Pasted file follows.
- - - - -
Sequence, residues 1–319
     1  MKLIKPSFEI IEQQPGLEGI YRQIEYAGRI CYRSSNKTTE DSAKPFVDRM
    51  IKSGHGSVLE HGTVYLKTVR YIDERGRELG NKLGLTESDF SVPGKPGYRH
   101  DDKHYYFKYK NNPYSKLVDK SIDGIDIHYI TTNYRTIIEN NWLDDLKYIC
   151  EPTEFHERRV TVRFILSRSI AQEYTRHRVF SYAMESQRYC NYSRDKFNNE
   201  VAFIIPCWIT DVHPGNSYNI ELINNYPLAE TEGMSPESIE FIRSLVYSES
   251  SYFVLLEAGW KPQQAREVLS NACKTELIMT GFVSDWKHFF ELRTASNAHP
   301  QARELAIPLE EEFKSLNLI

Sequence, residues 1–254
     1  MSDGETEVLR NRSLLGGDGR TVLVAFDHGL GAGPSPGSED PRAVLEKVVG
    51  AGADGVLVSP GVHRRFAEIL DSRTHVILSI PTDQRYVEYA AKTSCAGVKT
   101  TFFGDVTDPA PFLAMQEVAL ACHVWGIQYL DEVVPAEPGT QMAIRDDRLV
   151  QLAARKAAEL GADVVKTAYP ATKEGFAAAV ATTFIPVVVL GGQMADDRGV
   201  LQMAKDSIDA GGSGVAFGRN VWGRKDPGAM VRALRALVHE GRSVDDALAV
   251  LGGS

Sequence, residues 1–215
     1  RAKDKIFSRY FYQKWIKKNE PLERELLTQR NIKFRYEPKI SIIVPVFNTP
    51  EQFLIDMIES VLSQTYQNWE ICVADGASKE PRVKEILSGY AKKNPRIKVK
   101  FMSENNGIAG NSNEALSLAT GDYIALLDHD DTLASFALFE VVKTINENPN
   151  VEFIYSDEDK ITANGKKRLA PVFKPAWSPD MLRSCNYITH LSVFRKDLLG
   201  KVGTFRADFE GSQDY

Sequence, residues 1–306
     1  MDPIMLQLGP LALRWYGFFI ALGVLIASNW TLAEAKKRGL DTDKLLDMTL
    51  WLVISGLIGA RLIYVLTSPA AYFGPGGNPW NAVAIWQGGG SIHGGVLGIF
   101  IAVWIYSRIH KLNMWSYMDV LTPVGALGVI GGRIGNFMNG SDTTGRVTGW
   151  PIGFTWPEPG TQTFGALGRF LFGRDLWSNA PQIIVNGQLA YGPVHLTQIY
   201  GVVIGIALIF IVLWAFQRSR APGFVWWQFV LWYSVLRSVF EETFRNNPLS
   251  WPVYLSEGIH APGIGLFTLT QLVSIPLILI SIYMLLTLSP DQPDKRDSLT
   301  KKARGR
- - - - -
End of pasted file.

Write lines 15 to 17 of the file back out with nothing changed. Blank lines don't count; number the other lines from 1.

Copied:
   251  LGGS

Sequence, residues 1–215
     1  RAKDKIFSRY FYQKWIKKNE PLERELLTQR NIKFRYEPKI SIIVPVFNTP